Here are some of my questions for you about your work:
- Can you please briefly explain to us the terms “Marrow controversy” and “Seceder tradition”? Also, how are these two subjects connected to each other?
The “Marrow controversy” refers to a theological and ecclesiastical controversy in Scottish Presbyterianism between the years 1718-1726, centering on the republication of The Marrow of Modern Divinity by a gospel-hearted minister, James Hog of Carnock, in response to what he and others saw as a growing tendency towards legalism. A decade later, over a different issue in the life of the church, patronage (which allowed local nobles a key hand in the calling of ministers) several of the ministers who had been involved in the Marrow controversy (including Ebenezer Erskine) became instrumental in forming the Associate Presbytery (the beginning of the Scottish Secession churches). In my work I sought to evaluate whether the theology of the Marrow supporters in the window of the controversy was similar to the theology characterizing the Secession churches during the following century.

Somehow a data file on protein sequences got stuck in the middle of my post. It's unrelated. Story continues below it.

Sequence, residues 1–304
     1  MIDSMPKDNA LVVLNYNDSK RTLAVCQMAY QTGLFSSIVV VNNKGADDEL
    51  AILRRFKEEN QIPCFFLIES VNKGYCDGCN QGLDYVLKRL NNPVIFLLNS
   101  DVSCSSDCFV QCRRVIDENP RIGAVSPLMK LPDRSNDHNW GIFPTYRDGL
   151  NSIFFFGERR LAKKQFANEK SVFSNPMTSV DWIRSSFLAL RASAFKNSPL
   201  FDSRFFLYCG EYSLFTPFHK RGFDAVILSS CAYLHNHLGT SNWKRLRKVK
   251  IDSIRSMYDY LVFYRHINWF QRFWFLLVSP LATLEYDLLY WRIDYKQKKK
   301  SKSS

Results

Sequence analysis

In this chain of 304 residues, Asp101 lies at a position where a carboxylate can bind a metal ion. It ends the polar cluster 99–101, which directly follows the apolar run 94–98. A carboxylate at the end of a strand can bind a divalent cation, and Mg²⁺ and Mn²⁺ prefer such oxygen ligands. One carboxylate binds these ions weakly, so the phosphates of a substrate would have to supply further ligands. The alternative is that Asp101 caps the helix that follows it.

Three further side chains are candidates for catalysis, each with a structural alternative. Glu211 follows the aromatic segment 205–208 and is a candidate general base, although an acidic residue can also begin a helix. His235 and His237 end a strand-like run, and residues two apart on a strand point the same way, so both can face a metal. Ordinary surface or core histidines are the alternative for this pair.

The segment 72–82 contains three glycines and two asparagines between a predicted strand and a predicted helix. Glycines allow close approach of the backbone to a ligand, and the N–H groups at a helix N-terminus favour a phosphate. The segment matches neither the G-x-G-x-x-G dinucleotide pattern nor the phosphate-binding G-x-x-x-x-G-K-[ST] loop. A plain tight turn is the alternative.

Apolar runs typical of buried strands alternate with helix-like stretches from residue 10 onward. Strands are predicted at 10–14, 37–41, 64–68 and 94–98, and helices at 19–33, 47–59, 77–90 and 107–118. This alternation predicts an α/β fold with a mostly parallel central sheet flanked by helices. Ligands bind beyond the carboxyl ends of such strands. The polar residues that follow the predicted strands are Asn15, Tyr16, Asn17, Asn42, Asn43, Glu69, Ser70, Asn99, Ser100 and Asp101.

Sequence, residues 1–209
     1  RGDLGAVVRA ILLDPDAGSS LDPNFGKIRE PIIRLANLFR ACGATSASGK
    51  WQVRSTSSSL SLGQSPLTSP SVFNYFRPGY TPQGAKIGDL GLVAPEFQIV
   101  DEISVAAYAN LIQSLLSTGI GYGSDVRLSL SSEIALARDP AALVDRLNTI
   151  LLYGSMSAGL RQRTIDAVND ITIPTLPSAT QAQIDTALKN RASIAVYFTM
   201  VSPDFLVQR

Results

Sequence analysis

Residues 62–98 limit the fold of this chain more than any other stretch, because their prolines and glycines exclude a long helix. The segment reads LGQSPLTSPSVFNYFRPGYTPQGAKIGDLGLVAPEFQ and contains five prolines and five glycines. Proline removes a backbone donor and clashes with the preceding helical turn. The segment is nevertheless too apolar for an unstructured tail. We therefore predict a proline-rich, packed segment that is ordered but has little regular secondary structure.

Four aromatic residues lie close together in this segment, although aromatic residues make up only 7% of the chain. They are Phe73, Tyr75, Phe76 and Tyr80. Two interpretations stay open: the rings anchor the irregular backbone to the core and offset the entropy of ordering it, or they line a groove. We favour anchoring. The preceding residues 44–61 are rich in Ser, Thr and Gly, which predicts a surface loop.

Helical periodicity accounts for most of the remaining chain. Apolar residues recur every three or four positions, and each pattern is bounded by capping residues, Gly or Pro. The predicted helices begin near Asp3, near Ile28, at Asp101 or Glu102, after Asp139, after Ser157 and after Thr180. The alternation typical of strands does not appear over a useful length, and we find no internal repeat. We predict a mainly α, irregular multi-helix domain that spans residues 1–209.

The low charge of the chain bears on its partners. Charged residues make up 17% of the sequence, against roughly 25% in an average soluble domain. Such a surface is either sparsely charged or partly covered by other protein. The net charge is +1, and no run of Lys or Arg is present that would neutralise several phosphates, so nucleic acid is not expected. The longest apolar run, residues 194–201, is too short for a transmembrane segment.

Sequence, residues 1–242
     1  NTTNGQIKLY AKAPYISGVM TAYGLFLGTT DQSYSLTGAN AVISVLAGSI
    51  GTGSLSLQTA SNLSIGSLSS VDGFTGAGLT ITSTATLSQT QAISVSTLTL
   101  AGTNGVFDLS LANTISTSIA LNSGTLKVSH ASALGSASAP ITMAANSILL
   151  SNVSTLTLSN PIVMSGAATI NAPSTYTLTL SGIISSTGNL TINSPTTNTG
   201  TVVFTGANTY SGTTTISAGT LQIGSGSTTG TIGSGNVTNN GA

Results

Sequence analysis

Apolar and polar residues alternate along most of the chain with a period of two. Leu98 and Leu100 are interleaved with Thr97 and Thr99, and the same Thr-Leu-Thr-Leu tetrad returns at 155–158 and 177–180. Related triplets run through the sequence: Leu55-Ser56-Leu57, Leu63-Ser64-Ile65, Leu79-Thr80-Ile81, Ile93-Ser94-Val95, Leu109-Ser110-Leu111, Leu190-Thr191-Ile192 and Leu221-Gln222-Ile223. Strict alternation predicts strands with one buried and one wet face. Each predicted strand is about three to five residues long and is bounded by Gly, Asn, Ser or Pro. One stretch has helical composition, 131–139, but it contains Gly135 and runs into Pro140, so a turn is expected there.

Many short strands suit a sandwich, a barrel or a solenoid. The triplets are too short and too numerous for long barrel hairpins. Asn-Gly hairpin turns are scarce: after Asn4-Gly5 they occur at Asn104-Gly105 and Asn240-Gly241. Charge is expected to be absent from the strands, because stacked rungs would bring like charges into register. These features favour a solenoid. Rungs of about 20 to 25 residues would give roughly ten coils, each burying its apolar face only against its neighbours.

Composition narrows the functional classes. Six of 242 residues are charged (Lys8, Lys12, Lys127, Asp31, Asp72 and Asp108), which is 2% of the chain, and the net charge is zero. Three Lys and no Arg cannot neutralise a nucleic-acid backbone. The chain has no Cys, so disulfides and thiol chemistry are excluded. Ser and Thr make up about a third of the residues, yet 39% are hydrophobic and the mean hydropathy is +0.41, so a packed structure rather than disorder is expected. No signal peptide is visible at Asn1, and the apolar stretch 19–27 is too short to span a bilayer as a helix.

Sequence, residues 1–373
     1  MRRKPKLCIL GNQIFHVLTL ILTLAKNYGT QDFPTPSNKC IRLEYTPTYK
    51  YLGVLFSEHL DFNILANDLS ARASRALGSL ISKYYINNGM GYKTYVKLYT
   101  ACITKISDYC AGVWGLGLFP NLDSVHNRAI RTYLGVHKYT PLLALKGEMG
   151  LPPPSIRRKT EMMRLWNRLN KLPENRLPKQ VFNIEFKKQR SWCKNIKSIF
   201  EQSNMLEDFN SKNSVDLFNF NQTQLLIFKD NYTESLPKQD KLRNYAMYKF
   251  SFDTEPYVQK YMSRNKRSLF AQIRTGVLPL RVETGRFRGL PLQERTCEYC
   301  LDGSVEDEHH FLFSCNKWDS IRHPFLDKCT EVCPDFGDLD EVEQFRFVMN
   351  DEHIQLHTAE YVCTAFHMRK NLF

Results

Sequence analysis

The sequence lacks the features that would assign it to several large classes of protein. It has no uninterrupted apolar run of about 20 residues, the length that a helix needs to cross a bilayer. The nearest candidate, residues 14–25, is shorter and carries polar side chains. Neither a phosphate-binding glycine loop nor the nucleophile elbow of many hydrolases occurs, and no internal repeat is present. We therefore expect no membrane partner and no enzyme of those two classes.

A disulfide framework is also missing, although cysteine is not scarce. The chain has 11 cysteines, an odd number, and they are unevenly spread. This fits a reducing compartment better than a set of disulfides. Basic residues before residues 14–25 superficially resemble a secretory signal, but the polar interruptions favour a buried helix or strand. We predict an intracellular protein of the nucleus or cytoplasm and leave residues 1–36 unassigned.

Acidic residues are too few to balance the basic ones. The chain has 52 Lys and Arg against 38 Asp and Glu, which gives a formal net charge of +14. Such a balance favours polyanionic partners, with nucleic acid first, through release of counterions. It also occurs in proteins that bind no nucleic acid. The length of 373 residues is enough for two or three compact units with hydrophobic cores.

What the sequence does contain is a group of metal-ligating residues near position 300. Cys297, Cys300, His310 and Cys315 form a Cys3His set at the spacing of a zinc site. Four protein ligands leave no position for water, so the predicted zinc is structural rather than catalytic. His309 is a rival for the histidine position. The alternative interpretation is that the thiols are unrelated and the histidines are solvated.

- What are the issues central to the Marrow controversy and why are these issues important to us today?
Issues of legalism and antinomianism were key to the English and Scottish contexts of the Marrow of Modern Divinity, through in the Scottish context it appears the key challenge was error on the side of legalism – particularly a legal preparationism. As Sinclair Ferguson notes in his lectures, legalism and antinomianism are perennial issues of the sinful human heart. We try to establish our own righteousness before God apart from Christ, and we pursue sin and treat his costly grace as through it were a cheap thing, or act as through his holiness, expressed to us by his law, has no claims on us. These two errors often go hand in hand. It is the faithful preaching of the gospel which unmasks the ugly reality of both and graciously provides the divine answer in Christ.
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